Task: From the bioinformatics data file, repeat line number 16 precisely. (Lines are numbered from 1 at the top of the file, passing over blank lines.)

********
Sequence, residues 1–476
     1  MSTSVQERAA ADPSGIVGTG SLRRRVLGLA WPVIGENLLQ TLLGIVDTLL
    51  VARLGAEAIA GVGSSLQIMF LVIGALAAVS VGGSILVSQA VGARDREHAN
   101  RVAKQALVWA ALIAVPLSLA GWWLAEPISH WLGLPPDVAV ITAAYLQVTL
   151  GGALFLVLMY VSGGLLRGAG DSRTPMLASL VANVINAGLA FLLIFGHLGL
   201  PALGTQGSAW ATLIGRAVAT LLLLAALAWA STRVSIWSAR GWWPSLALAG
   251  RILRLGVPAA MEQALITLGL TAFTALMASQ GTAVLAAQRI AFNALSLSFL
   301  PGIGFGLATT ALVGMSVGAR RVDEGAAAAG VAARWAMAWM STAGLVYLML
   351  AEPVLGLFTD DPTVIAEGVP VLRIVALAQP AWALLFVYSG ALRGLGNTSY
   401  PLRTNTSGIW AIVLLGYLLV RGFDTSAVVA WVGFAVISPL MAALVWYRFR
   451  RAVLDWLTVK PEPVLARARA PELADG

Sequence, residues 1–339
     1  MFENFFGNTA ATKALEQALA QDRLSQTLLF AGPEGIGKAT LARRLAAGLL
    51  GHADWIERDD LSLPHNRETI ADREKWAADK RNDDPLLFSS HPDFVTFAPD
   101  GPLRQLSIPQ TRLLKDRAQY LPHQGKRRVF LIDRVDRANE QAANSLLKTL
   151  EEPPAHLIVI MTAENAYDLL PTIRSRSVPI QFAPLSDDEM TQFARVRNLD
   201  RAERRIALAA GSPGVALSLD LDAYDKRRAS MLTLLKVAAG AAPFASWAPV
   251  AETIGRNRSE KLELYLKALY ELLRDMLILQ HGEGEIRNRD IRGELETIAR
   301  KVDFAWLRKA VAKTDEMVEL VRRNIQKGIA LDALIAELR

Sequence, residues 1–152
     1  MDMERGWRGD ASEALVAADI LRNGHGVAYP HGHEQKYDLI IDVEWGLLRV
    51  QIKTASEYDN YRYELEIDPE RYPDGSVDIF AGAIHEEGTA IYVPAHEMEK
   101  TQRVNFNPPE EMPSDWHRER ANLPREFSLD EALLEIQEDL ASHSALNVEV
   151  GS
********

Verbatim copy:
   151  EEPPAHLIVI MTAENAYDLL PTIRSRSVPI QFAPLSDDEM TQFARVRNLD